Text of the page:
The first system Webb introduced was a substantial expansion to the existing inverted ‘power-and-free’ system, an overhead conveyor with one powered and one unpowered track. Dehne explains that it provided extra capacity for completed jobs going from painting to general assembly and a ‘bank’ area for up to 140 jobs. ‘With the difference in the throughput, the time they needed to add in terms of buffering capacity was at least two hours, which equals approximately 140 units,” he says. “The paint shop needs to be running between 50 to 60 jobs an hour whereas general assembly needs to run about 70 jobs an hour, so this allows the creation of a bit of inventory between the two.”
The other half of the project involved a large ‘skid’ system, a conveyor with a carrier that is basically a square frame with mounts for the vehicle body. Despite the fact that the model Jervis B. Webb installed at Shreveport comprises several different underlying conveyor technologies, the basic system can trace its evolution back to the type of system the company originally made for Ford. “The major difference is in the use of belts and coated rollers, which are quieter and use less lubrication so it’s cleaner for the end product.”
Skid system used as a buffer
Besides helping to balance the throughput differential between the painting operation and Shreveport’s new bodyshop, the skid system also turned out to be an excellent emergency buffer during production. “If there are problems with the paint system, they can continue to run the bodyshop by putting the skids with bodies on them into an overflow bank,” says Dehne. “It was originally meant to deal with the difference in throughput between the paint and body shops, but if there are emergencies or hold ups they can use it as an emergency buffer.”
Someone else who has close involvement in the use of conveyors in the automotive sector is Keith Hiyama, Vice- President of materials handling specialists Flostor. Hiyama heads up the company’s operations in the automotive sector, with clients including Nissan, Toyota, Honda, GM, Mercedes-Benz and Johnson Controls. One of the highestprofile operations was the GM/Toyota combined venture New United Motor Manufacturing (NUMMI) plant, set up in the mid-1980s near San Francisco, California. One job at the plant involved an upgrade to a conveyor system servicing the output end of a stamping press line. Because the assembly operations run on just-in-time principles, the uninterrupted flow of stamped parts lineside was of critical importance. As such, the requirements for conveyor system reliability and uptime were uncompromising.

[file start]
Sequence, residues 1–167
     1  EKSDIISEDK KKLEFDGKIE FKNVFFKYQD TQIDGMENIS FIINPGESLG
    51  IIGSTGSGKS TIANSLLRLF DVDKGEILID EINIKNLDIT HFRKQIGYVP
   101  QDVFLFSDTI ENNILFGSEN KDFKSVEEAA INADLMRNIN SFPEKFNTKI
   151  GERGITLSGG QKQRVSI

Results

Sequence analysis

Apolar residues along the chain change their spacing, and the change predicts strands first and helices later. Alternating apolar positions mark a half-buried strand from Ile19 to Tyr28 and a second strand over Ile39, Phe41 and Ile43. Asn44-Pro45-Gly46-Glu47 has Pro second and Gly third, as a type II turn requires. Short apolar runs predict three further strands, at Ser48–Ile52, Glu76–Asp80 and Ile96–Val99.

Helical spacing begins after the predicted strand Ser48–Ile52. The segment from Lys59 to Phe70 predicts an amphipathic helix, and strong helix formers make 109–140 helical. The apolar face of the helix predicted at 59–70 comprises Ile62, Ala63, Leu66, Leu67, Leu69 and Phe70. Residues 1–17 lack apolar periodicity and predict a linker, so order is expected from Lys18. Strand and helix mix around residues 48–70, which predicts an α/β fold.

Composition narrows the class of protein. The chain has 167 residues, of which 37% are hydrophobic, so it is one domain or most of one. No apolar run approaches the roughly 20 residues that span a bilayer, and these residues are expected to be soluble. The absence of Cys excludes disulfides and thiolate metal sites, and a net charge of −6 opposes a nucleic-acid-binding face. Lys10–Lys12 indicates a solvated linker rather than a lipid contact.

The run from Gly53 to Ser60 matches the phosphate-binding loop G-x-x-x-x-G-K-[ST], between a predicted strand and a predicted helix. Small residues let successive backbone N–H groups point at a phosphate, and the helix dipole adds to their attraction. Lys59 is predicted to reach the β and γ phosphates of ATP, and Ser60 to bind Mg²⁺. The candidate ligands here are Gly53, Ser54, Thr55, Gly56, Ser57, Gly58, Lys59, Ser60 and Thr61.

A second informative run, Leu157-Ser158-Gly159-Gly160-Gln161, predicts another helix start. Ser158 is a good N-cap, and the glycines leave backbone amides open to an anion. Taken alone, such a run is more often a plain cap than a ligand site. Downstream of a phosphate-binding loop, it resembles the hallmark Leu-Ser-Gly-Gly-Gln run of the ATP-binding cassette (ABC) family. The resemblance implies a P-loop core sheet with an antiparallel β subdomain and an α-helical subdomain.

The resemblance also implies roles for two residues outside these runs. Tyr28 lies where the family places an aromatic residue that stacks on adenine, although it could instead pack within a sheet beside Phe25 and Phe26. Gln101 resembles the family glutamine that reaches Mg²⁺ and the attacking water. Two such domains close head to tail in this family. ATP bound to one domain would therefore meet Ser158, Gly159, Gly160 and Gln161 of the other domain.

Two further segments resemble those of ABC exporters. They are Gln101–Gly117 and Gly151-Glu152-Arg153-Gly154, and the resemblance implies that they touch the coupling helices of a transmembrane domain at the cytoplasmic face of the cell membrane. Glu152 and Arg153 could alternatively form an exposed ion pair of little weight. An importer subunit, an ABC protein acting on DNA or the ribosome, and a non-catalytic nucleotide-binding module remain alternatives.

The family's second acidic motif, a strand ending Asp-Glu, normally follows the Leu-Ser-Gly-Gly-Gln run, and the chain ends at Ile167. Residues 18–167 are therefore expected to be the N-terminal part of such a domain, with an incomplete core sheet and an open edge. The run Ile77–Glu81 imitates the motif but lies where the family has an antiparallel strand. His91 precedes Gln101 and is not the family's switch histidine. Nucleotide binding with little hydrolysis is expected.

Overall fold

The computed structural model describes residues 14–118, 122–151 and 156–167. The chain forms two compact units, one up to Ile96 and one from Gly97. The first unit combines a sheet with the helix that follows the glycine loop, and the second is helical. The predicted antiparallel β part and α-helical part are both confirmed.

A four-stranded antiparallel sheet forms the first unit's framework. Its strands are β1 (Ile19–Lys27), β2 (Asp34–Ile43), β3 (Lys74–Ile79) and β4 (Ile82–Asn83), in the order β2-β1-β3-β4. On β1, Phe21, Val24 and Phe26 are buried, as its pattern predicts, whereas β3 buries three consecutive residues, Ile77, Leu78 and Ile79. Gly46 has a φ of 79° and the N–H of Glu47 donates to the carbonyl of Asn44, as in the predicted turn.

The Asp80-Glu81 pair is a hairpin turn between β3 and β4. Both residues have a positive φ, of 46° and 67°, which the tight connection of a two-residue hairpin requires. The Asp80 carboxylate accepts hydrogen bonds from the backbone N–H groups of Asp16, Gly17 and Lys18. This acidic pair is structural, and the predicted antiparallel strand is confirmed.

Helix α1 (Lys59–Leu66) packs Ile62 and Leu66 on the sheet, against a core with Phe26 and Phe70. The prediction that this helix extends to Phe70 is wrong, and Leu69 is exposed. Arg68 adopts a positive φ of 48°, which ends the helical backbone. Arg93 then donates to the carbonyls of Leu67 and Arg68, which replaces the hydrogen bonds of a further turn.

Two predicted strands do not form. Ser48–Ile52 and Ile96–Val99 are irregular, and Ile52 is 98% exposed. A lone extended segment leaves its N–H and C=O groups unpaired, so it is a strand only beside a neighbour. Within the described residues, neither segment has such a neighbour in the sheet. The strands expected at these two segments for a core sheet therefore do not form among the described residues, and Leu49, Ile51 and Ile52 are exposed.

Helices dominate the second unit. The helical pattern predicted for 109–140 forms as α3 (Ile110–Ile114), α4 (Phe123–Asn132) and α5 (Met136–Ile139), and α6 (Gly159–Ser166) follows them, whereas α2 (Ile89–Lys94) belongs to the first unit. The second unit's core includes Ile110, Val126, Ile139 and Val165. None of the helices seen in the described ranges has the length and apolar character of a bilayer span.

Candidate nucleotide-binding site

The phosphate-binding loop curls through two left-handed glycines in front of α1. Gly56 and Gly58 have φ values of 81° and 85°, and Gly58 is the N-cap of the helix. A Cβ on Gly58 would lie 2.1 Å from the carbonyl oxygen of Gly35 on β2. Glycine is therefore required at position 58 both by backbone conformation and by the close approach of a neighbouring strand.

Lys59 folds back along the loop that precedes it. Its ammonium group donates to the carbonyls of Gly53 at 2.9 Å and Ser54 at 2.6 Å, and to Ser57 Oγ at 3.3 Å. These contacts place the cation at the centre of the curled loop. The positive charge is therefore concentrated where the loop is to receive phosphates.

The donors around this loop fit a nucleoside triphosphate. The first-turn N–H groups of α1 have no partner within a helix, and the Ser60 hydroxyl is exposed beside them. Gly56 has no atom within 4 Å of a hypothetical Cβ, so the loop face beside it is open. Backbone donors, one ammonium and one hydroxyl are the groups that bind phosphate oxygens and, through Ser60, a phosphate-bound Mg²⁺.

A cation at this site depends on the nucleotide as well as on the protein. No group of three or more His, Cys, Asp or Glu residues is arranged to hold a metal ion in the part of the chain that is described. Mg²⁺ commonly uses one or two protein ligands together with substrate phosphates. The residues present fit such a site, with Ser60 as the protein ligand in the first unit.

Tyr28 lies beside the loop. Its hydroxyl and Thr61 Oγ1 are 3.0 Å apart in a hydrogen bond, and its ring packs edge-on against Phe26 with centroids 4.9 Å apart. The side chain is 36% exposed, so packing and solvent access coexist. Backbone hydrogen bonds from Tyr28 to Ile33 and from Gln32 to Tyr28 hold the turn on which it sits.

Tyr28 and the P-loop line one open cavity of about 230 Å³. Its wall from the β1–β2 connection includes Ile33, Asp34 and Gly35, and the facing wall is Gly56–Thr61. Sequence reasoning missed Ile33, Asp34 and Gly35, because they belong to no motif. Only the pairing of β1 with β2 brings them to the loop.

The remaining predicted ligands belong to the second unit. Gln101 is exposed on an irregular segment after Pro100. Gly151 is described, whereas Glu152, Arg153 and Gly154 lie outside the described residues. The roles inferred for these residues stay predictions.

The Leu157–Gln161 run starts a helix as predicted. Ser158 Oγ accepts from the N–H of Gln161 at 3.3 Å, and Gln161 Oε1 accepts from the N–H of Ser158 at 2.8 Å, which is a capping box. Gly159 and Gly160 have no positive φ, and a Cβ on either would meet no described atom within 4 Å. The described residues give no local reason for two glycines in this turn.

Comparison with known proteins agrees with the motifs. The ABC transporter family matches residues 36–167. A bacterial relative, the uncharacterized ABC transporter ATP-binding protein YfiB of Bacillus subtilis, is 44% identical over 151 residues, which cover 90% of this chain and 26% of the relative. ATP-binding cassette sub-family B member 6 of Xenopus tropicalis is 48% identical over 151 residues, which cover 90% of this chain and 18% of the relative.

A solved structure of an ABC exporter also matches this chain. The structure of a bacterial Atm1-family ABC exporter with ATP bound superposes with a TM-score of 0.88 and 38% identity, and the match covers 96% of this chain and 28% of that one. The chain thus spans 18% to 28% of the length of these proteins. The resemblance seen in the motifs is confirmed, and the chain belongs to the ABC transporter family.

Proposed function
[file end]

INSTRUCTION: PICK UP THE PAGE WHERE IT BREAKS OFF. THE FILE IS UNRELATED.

High flexibility and rapid cycle times
The system devised by Flostor was quite straightforward in its actual conveyor technology, using a simple ‘dragchain’ arrangement. The conveyor comprises two tracks for empty racks running directly towards the output end of the stamping line, before turning 90 degrees to run parallel with it for loading.
The line then turns another 90 degrees to move directly away, forming a line shaped like a squared-off letter ‘U’, though with the loading line about twice as long as the input and output lines. The conveyor system does, however, change from a two-strand chain for the input tracks to a three-strand version in the loading and output areas to allow for the extra weight of the loads.
The advantages of this setup include high flexibility and a rapid cycle time. The actual travel time for a rack in the system is only about seven to eight seconds, so that the system typically averages two fully-loaded racks every 90 seconds. In other words, conveyor systems, even in discrete ‘standalone’ configurations, can play a major role in large-scale, integrated and highly-demanding production environments.
Meanwhile, the demands made on conveyor suppliers in Europe also appear to be placing an increasing emphasis on flexibility. Marcus Hunter is Sales Director for Excel Automation, based in the UK. The company supplies both conveyor systems and AGVs to automotive customers including major OEMs, as well as the aerospace and other sectors. Hunter confirms that retooling and refurbishment of existing conveyor systems is an increasingly important activity, with enhanced flexibility the usual goal. He says that even within the limitation of being unable to disassemble and reconfigure a conveyor system, a lot can still be done. For example, providing there is sufficient floor space, the addition of a few loops can significantly enhance the total capacity of a line. Another area for attention is the operator interface. A simple technique is the use of ‘gullwing’ carriers, with side panels that fold open to allow lineside personnel better access to the interior area. The bottom line, then, is that applying a little ingenuity can mean that a seemingly fixed piece of technology, both literally in terms of its location and metaphorically in term of its own configuration, can be given a surprising degree of versatility to help it keep pace with changing requirements.